Federal v. State Power
Topics: United States Constitution, United States Congress, Federal government of the United States / Pages: 6 (1413 words) / Published: Mar 1st, 2014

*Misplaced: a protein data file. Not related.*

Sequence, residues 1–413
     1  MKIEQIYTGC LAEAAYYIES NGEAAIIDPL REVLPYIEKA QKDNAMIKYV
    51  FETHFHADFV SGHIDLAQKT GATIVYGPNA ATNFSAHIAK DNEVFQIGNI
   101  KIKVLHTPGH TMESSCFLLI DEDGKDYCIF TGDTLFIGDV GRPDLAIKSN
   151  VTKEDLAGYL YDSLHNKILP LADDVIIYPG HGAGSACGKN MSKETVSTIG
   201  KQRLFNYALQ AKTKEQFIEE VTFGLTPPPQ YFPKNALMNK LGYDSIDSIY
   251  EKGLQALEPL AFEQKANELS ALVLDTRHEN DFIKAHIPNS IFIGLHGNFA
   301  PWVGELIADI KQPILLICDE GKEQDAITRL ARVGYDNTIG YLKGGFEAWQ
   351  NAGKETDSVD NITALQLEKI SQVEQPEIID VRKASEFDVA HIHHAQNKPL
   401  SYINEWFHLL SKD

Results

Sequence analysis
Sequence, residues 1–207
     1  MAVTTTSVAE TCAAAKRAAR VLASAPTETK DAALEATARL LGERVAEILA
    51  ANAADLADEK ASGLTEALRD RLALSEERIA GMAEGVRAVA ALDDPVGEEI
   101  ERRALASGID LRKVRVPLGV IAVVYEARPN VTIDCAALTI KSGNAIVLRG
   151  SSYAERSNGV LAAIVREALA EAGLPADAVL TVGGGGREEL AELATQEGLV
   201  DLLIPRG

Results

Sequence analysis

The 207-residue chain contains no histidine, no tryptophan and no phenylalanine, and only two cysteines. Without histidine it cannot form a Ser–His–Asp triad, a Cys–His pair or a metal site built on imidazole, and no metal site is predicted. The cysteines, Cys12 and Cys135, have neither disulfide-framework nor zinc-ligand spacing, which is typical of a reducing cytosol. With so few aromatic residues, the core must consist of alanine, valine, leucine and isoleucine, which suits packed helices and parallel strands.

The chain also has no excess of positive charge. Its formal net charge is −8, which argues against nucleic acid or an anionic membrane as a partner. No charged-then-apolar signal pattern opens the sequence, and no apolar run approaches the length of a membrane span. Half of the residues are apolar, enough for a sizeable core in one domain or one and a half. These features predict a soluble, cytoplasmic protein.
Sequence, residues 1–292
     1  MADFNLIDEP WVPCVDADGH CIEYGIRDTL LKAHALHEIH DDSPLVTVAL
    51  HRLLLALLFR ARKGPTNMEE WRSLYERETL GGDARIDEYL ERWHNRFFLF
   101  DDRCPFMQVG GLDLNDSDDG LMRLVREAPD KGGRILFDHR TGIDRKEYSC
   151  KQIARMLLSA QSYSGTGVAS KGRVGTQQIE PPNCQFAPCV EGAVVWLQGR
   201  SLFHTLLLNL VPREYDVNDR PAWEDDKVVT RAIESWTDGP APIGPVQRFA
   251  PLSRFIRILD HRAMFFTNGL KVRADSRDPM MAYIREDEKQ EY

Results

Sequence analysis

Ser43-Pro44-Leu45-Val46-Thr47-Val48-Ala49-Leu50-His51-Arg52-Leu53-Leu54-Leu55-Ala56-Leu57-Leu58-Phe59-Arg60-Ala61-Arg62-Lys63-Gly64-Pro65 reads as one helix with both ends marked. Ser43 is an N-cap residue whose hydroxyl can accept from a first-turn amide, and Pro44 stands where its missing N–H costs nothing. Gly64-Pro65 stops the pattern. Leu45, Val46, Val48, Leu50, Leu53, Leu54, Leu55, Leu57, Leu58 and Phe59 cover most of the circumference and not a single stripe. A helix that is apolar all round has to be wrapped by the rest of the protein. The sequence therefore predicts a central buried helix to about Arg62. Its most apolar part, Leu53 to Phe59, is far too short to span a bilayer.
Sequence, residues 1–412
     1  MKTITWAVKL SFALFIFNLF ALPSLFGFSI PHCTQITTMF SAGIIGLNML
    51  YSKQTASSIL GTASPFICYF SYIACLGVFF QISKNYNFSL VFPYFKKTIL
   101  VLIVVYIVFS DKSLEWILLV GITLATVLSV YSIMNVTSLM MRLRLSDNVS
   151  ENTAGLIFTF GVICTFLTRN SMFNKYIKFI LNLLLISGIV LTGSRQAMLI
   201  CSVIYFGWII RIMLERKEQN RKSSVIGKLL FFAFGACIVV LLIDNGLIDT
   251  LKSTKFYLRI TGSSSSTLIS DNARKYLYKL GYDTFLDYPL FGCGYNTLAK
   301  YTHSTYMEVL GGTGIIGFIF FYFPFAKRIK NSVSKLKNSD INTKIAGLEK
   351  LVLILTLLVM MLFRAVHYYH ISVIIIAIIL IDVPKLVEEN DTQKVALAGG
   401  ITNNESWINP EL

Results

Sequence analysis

As citizens of the United States we exist under a federal system of government. There are different levels of the system, each cooperating with the next and each having some form of formal authority over the people. The age long argument has been: “more state power is most effective – no, more federal power is most effective”. There are also those who believe that an equal cooperation between both state and federal governments, our current way of separating power, is the most effective. So where should the line be drawn and which is most effective? The Constitution gave us a basic outline for how we should run our government. The bottom line is cooperative federalism – powers and policy assignments are shared between states and the national government and they may also share costs, administration, and even blame for programs that work poorly (Edwards 81). The idea of cooperative federalism has raised an important question: Where do the boundaries of national government end and where do the boundaries of state governments begin? The tenth amendment has somewhat of an answer to where the state boundaries begin. It says that if a state is not given a power directly by the constitution but is not prohibited from using that power then it is the state’s right to use and regulate that power. As for the boundaries of the national government, the supreme court case of McCulloch v. Maryland gives a good example. In 1791 the government established a national bank. This bank could print money and make loans as well as a number of other banking responsibilities. Many people who believed that the government should have a limited amount of control over the economy were opposed to the idea of a national bank. Eventually the government stopped funding the bank, but not long after came the second national bank. Out of defiance to the bank, the state of Maryland passed a law taxing the Baltimore branch $15,000 a year which it refused to pay. Maryland decided to sue the branch’s

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